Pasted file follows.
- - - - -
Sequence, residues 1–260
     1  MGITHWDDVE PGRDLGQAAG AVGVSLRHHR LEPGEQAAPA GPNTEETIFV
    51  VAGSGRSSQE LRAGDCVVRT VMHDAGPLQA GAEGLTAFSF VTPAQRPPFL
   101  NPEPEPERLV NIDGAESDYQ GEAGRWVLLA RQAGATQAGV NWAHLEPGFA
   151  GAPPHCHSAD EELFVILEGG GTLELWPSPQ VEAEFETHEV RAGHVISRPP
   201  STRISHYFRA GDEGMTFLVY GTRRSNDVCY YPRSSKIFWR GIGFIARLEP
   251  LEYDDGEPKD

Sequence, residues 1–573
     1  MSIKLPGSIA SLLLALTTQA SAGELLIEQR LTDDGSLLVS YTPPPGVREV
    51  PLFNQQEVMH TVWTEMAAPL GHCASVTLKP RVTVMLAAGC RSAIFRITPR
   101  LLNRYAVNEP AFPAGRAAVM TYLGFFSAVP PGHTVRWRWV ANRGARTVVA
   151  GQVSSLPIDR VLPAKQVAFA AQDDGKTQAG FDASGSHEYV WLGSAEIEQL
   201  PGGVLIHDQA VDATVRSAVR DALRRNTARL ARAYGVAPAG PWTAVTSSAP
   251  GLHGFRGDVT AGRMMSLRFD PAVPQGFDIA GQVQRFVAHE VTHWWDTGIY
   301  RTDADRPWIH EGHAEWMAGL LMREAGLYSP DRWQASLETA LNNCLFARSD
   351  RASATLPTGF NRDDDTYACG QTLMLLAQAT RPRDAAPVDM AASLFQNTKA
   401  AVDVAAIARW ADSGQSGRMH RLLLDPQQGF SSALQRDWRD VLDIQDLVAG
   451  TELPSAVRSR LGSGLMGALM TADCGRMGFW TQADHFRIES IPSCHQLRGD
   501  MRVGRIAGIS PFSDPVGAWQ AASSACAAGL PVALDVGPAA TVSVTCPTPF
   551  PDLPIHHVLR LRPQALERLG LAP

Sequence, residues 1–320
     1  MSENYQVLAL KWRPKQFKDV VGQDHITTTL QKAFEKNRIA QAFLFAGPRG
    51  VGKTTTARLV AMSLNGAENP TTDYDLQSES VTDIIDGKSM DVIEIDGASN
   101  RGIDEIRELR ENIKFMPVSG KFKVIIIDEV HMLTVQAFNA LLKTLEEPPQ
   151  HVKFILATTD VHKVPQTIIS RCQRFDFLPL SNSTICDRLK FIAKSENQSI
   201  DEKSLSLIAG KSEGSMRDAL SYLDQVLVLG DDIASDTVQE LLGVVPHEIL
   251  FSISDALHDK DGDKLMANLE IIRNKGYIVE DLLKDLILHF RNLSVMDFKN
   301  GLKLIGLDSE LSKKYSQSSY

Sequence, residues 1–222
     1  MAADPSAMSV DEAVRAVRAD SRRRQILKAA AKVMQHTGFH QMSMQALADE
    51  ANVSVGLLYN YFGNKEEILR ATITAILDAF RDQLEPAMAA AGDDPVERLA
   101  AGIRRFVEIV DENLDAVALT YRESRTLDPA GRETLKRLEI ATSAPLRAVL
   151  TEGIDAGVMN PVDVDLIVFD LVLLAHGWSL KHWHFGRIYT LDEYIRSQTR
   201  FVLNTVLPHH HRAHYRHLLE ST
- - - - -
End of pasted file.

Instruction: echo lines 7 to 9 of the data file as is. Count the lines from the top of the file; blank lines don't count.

   251  LEYDDGEPKD

Sequence, residues 1–573
     1  MSIKLPGSIA SLLLALTTQA SAGELLIEQR LTDDGSLLVS YTPPPGVREV